The Oakland City Council voted unanimously this week to call on the California Legislature to close the corporate loophole in Proposition 13, California’s property tax law.
President Pro Tem Rebecca Kaplan (At Large) authored a resolution, and Councilmembers Dan Kalb, Libby Schaaf and Lynette Gibson McElhaney backed the resolution.
“I’m so pleased that the Oakland City Council has seized this opportunity to improve economic vitality in our city and across the state,” Kaplan said. “Tax fairness will help communities like ours improve public safety and create new jobs.”
The resolution requests the California Legislature to prepare a statewide ballot measure in 2016 that would modify Proposition 13 by splitting the tax roll between residential and commercial properties.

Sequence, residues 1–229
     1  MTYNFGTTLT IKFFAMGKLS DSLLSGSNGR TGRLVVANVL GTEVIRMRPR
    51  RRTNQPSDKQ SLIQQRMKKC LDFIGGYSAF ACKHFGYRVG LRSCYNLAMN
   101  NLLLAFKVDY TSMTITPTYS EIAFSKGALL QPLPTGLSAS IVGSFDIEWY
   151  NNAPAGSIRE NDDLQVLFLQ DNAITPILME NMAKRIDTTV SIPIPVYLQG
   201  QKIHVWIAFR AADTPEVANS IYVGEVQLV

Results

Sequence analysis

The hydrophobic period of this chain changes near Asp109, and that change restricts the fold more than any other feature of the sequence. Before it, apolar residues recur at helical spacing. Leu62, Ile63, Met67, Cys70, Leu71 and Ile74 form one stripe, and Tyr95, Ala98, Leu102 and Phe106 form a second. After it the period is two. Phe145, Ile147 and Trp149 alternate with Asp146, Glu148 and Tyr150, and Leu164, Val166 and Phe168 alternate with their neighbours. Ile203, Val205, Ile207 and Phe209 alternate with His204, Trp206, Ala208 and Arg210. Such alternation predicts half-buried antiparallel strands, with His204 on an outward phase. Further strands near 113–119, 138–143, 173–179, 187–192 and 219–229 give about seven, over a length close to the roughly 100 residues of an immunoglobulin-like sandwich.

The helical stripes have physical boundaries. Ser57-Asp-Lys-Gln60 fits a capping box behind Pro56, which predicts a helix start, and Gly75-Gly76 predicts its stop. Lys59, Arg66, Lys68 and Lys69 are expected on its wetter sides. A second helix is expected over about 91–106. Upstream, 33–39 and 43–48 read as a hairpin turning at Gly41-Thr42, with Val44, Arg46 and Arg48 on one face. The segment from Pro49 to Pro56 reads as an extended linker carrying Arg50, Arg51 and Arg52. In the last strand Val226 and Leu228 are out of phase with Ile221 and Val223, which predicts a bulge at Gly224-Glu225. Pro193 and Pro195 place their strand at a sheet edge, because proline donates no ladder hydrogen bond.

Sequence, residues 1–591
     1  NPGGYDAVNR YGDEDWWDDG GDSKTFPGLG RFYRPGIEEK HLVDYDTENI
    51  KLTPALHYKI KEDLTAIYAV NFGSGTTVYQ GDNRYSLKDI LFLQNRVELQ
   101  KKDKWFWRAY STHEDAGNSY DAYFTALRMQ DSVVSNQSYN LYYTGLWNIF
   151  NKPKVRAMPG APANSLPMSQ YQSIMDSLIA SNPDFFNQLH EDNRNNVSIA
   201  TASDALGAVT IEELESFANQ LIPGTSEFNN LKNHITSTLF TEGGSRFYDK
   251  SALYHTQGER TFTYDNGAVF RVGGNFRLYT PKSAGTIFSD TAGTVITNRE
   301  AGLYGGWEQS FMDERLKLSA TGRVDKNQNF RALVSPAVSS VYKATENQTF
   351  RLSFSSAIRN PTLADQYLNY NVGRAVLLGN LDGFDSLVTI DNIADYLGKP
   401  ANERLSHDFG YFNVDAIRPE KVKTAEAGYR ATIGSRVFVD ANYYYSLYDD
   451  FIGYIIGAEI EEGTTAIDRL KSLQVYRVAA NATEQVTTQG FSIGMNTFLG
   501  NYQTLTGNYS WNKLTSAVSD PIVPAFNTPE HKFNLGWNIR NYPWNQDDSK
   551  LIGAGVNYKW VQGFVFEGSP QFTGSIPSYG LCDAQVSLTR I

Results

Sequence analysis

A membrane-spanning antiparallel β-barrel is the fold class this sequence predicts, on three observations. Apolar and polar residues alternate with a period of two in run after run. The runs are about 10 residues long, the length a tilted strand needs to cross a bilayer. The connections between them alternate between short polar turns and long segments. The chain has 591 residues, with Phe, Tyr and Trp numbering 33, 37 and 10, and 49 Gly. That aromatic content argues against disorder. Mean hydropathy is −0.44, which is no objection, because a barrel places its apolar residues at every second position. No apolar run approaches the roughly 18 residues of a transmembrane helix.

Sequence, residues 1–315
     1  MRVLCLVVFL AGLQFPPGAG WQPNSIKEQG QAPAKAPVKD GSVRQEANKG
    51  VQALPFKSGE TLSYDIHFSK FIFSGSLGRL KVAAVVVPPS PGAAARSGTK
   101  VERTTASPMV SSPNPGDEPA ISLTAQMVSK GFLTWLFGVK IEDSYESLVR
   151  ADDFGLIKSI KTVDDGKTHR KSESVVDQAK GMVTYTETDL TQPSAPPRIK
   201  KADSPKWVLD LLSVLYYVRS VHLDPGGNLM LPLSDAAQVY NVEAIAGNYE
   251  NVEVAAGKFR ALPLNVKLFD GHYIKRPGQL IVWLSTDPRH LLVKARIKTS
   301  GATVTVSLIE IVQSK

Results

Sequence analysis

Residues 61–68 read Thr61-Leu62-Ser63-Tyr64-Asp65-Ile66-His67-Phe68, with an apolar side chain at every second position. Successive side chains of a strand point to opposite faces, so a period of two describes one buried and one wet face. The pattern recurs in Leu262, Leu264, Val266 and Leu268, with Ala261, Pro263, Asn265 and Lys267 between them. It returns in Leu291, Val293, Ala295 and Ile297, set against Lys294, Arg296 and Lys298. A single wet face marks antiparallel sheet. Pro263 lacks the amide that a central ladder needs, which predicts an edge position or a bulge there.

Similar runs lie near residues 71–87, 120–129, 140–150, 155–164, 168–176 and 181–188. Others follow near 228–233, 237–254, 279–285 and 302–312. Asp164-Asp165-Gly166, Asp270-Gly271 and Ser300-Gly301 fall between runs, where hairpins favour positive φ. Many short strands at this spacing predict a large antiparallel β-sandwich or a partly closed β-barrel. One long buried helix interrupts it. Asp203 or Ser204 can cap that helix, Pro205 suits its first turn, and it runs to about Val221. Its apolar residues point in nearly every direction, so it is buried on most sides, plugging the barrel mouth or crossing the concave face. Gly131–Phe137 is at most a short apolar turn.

Oakland is the latest municipality – and the largest city – to join a growing statewide coalition of cities, school districts and civic leaders calling for reforms to the law, which passed originally in 1978 to protect homeowners – who would remain protected under a change in the law.
Kaplan said the law has unfairly and unintentionally protected large corporations from being required to pay a fair share of property taxes and has caused homeowners to bear a disproportionate share of the state’s tax burden.
According to forecasts prepared by the California Legislative Analyst’s Office, the change to the law could yield at least $5 billion in additional revenue for the State of California.